Two months after it was discovered, a new coronavirus variant is making its way across the country and spreading more rapidly in the Northeast and West.
As the number of Coronavirus cases has roughly doubled every week for the past month, the variant BA.2 is on its way to becoming the dominant strain, according to the Centers for Disease Control and Prevention.
The World Health Organization considers BA.2 a “sublineage” of the highly transmissible Omicron variant. Unlike BA.1, which caused the surge that hit the Northeast late last year, this is a different strain of omicron.
Initially referred to as the “stealth variant” because it was difficult to detect, it differs genetically from BA.1.
Omicron infections are most commonly caused by BA.2 versions around the world. The CDC reports that BA.2 caused 23.1% of the cases in the U.S. for the week ending March 12. Last week, it caused 14.2% of cases.
What is the spread rate of BA.2 in the United States?
According to the CDC, the number of cases of BA.2 rose from 25.4% to 39% in New Jersey and New York during the week ended March 12. A breakdown of COVID-19 cases for Puerto Rico and the Virgin Islands is also provided by the CDC in that region.
According to the CDC, BA.2 was responsible for 38.6% of cases in the Northeast (Connecticut, Maine, Massachusetts, New Hampshire, Rhode Island and Vermont) during the previous week, up from 24% the week before.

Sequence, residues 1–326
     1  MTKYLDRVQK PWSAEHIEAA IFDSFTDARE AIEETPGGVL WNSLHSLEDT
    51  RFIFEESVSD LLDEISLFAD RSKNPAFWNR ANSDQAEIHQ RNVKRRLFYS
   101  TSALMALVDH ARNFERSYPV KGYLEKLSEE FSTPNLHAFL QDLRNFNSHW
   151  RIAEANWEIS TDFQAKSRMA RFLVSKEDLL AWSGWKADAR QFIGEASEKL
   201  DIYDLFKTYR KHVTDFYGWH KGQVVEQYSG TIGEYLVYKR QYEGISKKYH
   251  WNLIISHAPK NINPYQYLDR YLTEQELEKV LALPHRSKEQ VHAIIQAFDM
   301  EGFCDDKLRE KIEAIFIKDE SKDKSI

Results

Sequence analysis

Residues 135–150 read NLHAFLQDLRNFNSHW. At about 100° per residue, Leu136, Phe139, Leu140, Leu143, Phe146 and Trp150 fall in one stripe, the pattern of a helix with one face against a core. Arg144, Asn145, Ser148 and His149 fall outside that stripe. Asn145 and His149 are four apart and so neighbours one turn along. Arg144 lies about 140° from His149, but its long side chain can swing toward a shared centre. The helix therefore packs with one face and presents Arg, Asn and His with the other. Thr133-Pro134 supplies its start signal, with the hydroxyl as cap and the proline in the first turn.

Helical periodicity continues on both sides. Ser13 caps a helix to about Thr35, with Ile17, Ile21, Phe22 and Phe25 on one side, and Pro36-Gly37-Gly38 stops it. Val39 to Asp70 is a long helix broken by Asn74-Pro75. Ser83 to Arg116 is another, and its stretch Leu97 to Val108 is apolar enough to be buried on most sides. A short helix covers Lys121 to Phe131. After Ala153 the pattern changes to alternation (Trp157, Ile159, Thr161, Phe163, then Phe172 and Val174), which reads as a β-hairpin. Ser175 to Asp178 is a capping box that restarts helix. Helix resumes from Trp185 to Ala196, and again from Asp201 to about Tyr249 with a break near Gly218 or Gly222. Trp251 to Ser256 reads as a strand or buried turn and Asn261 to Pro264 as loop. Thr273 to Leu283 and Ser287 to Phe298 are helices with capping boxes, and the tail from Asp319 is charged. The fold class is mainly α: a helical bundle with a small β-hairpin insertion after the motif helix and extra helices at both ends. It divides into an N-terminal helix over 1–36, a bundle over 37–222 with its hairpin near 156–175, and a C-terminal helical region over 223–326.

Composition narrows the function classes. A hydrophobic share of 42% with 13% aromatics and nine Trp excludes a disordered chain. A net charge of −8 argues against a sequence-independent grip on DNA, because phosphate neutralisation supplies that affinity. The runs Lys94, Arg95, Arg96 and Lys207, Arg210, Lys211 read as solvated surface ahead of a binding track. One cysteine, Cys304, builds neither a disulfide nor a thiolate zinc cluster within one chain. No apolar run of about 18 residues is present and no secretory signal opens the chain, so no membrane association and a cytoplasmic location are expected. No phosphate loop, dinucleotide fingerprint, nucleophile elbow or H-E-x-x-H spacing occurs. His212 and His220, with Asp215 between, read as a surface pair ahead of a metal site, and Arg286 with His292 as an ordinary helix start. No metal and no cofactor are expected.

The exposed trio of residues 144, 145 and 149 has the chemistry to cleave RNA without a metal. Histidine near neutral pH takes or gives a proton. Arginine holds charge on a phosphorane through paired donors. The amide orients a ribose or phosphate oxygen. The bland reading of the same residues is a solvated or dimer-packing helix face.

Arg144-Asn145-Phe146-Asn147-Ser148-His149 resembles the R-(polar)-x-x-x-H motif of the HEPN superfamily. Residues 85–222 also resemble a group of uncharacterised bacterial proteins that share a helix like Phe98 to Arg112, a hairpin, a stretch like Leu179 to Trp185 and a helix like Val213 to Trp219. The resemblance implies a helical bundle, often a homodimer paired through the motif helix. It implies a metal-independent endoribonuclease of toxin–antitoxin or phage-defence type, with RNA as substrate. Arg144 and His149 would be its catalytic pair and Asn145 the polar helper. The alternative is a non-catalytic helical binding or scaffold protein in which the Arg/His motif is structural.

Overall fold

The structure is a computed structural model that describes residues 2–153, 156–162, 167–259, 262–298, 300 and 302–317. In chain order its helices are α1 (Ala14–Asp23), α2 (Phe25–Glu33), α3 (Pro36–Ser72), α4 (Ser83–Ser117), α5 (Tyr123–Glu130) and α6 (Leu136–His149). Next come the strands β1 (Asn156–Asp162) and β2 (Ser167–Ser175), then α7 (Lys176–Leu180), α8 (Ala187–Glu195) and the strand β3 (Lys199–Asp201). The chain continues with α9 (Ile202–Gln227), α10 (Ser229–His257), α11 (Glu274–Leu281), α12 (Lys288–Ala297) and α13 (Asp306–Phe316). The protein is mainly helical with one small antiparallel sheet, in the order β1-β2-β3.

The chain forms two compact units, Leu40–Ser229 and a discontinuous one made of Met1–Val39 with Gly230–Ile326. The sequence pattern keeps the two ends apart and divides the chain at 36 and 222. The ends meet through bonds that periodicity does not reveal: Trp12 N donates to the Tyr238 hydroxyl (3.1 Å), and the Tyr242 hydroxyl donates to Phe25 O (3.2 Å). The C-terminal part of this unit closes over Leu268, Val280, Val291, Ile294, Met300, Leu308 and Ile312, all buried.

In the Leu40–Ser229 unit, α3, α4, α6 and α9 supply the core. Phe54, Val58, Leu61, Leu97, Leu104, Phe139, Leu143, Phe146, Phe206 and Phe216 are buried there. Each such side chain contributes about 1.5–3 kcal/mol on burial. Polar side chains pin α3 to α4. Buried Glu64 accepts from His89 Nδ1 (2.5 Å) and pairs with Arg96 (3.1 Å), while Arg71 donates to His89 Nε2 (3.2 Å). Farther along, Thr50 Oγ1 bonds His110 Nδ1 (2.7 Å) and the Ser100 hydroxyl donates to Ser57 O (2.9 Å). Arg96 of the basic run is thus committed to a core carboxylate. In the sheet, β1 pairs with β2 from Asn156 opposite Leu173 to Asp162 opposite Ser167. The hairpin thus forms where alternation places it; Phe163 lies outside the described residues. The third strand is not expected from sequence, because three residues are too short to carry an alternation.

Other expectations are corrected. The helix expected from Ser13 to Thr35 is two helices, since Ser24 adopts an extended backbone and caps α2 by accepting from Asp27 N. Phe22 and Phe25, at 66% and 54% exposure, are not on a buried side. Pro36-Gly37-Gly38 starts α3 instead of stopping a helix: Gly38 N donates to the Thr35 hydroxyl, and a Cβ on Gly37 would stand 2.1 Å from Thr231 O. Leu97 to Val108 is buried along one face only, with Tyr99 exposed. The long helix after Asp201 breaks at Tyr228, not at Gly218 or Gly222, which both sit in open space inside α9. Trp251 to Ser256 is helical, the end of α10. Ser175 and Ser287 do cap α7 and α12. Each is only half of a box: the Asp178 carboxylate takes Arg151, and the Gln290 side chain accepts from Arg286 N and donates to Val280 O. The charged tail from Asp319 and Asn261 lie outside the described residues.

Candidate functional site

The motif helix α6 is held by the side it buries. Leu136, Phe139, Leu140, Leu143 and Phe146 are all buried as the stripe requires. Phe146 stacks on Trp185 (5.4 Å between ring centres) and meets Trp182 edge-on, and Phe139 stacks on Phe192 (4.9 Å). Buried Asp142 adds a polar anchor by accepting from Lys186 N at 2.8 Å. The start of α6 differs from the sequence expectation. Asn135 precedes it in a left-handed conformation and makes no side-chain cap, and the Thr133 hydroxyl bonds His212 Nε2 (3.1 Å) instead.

This week, BA.2 accounted for 27.7% of cases in the West, up from 17.1% the previous week. According to the CDC, BA.2 accounted for 26.2% of cases in the upper West, which includes Alaska, Idaho, Oregon and Washington.
BA.2 cases have been on the rise in other states in recent weeks, accounting for 12% to 20% of cases for the week ending March 12.
Does BA.2 spread faster? Is it more lethal?
According to the WHO, BA.2 has “inherently greater transmissibility” than omicron BA.1.
BA.2 has not yet been found to cause severe illness, as did omicron BA.1, which caused a rapid surge in cases, hospitalizations, and deaths a month ago before quickly declining.
According to the Center for Infectious Disease Research and Policy at the University of Minnesota, though omicron BA.1 was considered milder than COVID-19’s original strain and delta variant, it increased COVID-19-related deaths in the United States by 60,000 in January 2022, twice the number in November.
Infectious disease specialist Stephanie Silvera said that we often don’t know until too late. The last impacts we see from these surges are deaths, which is a problem with managing them.